Editor’s note: If you’re new around here or have been reading our blog for quite some time, you may not be aware of all that our friends at the Knoxville History Project do in and for our community and visitors. Read on to learn more about the projects they’re involved in and programming they offer!
To some folks, history may always seem like a dreary subject from high school. But it’s also the main ingredient that makes travel fascinating. Pick up any travel guide to Paris or Rome—or even Las Vegas—and you’ll find that the history is what makes you want to keep reading.
And like those more famous cities, Knoxville is interesting mainly because of its history. This city’s story is different from that of any other city in the world, but is also reflects and connects to almost all of American history. And it’s what drives much of what makes Knoxville Knoxville, even in 2021.
That’s what we explore at the Knoxville History Project, a small but nimble donor-supported nonprofit devoted to the 230-year history and culture of the city of Knoxville.
We research formal historical reports for various clients and purposes, but most of what we produce is of interest to the casual traveler. From the dramatic pioneer days that culminated in a convention that founded the 16th state; to the Civil War that divided the city perhaps like no other; to the bold and devoted cadre of conservationists who set out to found a new National Park in the Smokies; to an astonishingly diverse array of literary figures—from English-born Frances Hodgson Burnett to Alex Haley to Cormac McCarthy and renowned poet Nikki Giovanni; to the urgently relevant but sometimes-wacky 1982 World’s Fair—we attempt the impossible by trying to tell Knoxville’s whole complicated story.
Our flagship book, Historic Knoxville: The Curious Visitors’ Guide, is despite its title, a colorful, entertaining, and pretty thorough guide to Knoxville in 2021. Most of Knoxville’s modern attractions are also historic sites: from Neyland Stadium (celebrating 100 years in 2021) to Ijams Nature Center and surrounding quarries to Market Square. These are all what they are because of dramatic or unique things that unusual and creative people did here a long time ago. Historic Knoxville, which earned a 2019 commendation from the East Tennessee Historical Society, explores as much of that as we could fit into a handy-sized book. It’s used by several leadership groups to orient newcomers to town.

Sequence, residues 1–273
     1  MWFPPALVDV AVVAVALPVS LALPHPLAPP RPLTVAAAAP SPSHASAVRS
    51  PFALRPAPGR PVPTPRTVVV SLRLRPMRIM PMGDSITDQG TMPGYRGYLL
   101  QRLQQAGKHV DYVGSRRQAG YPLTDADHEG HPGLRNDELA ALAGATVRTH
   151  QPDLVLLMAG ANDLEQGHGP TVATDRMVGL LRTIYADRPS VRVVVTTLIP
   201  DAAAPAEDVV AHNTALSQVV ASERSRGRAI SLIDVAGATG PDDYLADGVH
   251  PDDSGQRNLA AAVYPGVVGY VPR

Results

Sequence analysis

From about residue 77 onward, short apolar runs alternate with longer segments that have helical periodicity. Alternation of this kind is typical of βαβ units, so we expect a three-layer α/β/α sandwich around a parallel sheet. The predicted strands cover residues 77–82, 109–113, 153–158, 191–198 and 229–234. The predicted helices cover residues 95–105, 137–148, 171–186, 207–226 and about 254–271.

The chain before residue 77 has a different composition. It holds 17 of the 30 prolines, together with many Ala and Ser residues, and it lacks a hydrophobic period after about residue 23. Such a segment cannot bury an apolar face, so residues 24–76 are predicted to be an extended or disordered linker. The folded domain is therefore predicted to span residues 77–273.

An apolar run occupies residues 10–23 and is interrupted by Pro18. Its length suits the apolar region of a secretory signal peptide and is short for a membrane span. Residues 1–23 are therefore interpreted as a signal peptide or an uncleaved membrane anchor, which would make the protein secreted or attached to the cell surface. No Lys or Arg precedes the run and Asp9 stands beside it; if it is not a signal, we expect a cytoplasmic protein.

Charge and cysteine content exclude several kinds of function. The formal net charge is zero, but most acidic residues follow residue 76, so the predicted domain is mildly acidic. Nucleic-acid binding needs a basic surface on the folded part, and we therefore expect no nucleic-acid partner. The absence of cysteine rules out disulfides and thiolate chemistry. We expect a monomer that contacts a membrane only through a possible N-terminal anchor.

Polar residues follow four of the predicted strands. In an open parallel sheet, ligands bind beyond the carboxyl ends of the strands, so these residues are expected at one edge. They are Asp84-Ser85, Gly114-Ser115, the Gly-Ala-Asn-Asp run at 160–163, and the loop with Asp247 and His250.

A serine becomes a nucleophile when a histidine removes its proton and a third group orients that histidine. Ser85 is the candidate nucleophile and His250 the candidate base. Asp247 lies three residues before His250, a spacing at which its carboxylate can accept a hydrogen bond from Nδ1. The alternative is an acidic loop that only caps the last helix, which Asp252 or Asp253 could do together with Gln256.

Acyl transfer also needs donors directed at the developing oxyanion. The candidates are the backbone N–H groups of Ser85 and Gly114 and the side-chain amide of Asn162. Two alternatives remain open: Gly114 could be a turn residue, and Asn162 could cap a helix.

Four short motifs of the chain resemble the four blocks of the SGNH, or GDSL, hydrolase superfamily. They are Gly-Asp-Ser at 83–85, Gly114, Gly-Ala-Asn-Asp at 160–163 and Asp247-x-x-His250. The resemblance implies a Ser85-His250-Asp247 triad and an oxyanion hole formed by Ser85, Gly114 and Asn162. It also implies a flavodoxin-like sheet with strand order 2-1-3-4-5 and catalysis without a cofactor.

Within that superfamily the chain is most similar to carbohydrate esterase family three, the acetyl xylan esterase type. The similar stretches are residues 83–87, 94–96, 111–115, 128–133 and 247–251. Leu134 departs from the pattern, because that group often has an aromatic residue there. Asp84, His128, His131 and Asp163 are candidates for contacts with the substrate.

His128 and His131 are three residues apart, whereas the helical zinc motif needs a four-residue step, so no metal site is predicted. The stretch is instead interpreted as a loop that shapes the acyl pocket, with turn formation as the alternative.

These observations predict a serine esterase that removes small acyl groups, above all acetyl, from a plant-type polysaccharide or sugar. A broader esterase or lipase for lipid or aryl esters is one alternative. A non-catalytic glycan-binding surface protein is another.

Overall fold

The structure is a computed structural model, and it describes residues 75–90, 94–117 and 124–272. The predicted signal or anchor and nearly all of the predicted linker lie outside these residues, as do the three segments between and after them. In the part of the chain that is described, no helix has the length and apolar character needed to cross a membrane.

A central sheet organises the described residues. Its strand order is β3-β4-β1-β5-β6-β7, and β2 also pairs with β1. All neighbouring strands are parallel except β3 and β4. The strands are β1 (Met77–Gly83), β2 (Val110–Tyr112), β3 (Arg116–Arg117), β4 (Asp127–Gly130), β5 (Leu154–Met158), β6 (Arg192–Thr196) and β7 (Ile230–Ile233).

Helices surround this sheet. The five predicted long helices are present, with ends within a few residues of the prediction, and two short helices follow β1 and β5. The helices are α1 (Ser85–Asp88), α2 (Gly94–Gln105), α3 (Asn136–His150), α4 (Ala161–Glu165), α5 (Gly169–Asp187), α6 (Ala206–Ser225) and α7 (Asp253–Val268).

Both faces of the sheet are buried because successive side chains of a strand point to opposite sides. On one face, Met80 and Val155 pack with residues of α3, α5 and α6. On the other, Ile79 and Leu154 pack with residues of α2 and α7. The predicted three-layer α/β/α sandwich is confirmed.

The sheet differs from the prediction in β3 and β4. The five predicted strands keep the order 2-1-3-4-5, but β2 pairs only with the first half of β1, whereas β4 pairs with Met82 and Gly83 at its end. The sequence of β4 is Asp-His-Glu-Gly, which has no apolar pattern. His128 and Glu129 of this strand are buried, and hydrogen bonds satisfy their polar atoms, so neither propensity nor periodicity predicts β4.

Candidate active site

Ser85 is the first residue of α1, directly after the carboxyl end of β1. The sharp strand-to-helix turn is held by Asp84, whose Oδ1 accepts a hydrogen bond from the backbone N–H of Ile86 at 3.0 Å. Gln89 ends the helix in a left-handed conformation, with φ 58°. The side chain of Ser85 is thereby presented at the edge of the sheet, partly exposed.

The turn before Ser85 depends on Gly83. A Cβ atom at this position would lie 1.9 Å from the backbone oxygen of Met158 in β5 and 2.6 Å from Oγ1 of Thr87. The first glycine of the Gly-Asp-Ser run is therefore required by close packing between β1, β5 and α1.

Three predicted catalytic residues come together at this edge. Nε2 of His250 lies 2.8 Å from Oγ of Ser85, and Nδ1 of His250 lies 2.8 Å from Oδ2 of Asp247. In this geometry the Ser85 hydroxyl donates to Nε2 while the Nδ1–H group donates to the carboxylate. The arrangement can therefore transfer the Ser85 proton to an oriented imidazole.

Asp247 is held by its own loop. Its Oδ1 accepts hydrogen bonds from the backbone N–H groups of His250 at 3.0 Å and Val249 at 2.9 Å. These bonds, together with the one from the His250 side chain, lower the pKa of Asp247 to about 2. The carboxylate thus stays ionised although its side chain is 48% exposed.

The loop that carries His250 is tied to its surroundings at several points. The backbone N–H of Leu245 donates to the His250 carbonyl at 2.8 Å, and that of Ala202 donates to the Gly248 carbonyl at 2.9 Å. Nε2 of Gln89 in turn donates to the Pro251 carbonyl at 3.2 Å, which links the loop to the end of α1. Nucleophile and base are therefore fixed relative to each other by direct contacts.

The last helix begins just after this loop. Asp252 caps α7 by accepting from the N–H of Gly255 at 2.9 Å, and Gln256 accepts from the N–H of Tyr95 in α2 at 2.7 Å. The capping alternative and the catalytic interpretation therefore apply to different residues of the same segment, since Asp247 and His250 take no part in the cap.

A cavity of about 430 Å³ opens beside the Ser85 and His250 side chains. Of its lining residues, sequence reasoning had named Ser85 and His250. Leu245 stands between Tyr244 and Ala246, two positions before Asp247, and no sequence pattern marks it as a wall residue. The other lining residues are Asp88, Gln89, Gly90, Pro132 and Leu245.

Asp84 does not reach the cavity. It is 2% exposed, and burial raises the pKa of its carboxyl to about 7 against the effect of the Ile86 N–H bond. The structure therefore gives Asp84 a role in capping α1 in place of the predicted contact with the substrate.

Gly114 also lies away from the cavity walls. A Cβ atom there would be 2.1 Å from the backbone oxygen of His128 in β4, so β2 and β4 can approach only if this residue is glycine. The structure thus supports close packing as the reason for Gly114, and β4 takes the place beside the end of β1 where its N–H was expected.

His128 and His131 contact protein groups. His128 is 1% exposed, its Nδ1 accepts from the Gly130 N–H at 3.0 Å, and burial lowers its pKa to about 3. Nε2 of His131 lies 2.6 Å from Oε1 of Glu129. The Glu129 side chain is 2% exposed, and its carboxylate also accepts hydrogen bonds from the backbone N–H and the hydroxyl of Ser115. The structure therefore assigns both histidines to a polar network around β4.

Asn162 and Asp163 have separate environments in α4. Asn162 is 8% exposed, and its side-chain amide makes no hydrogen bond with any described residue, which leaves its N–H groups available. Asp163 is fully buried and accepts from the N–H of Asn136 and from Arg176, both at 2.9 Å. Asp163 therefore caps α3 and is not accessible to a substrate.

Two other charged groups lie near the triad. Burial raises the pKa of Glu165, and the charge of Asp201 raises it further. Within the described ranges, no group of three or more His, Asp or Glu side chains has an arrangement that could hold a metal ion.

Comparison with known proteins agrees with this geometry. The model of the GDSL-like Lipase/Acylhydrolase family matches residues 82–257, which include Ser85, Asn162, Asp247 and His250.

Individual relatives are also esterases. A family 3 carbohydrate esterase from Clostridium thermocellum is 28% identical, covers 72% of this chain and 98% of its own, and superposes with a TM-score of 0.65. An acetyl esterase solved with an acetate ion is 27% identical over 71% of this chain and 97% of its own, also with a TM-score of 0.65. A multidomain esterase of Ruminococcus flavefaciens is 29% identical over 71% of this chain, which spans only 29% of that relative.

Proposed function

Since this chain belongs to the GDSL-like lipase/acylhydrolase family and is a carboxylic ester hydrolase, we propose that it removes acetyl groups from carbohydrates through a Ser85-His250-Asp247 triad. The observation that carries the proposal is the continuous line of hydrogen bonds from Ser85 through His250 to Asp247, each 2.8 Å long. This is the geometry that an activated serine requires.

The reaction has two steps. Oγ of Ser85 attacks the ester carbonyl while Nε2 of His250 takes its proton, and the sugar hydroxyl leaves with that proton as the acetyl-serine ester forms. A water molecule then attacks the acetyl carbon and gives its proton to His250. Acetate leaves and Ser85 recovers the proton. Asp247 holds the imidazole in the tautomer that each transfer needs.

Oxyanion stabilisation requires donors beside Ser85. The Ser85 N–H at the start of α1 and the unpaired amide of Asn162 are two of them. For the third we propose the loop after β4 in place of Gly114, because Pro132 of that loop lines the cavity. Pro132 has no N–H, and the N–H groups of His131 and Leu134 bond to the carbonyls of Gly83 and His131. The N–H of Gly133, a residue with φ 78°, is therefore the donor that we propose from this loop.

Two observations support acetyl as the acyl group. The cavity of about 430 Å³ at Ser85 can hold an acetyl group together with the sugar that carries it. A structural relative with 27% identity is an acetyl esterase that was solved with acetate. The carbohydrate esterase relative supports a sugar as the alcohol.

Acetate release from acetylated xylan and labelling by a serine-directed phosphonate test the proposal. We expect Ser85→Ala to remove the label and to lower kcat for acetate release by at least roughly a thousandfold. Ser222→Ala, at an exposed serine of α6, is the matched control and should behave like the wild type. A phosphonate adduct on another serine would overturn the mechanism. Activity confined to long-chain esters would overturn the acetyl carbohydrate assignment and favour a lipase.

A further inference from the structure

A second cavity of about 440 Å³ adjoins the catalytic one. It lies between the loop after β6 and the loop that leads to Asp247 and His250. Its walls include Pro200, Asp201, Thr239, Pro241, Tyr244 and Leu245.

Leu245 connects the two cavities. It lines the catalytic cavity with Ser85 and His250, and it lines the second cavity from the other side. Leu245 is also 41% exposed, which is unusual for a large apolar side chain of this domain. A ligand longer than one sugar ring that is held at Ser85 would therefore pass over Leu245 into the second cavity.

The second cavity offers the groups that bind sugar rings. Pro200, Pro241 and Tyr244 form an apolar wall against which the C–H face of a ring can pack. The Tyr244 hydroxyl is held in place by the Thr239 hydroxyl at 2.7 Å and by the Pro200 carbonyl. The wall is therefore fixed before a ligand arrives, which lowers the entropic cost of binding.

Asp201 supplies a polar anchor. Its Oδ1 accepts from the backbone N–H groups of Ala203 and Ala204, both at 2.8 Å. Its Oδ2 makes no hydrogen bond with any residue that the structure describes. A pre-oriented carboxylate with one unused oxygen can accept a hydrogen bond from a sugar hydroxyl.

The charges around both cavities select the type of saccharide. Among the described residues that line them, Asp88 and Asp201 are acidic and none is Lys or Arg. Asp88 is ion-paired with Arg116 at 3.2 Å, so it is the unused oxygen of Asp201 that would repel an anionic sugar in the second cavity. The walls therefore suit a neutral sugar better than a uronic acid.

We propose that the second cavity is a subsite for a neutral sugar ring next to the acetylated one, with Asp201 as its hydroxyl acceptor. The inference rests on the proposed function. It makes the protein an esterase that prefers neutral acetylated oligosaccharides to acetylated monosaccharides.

Tourism itself often becomes relevant history, too, as our more recent book, Historic Bearden, about a disarmingly complex suburban area on the west side of town, proves. Among Bearden’s many stories is the development of automobile tourism as it evolved from “tourist camps” of the 1920s—in which traveling families were expected to supply their own tents—to the swimming-pool and color-TV luxury of the 1960s and later.
We publish a lot, but in the downtown area you may also notice our Art Wraps, a series of high-quality prints on otherwise unsightly aluminum traffic boxes. Each has a piece of colorful artwork by a Knoxville artist, with a side panel telling the story of the artist, from impressionist Catherine Wiley to abstract expressionist Beauford Delaney. We have about 30 of them up now in public places, and they’ve been a big hit.
We also lead personal tours of the city, its downtown, its waterfront, its most interesting graveyards, its university, often in cooperation with other organizations, like Visit Knoxville, UT Noncredit, and most recently, the Aslan Foundation, for which we’ve been giving free monthly tours of the mysterious Eugenia Williams mansion in West Knoxville. Our partner, Knoxville Walking Tours, tells many of our best stories, from the gunfights of the saloon era to dramatic moments in the Women’s Suffrage movement.
Partly of necessity during the pandemic, we began experimenting with multiple other higher-tech ways to serve the curious public virtually—with a series of Knoxville Driving Tours (free to download from our website, they’ve been used by thousands) and free Zoom presentations on subjects ranging from UT football to the civil rights movement to riverboat tragedies. (We’ve been doing them weekly for a year, but will probably cut back a bit this summer; check our website under “Events.”)
Most recently, we’ve launched a VoiceMap app, the first time Knoxville has been a part of that popular international tourism service. Our offering is an audio walking tour called “Legends of Country Music”—to show you where Roy Acuff, Chet Atkins, the Everly Brothers, Dolly Parton, and many others got their start—and where Hank Williams saw his last conscious hours—all in downtown Knoxville.
And to see our best stories and pictures, view our website. It’ll take more than a weekend to read or see everything there. And check back. It’s different every month.
Knoxville’s story is often surprising, sometimes inspiring, always fascinating, and we do our best to tell all of it.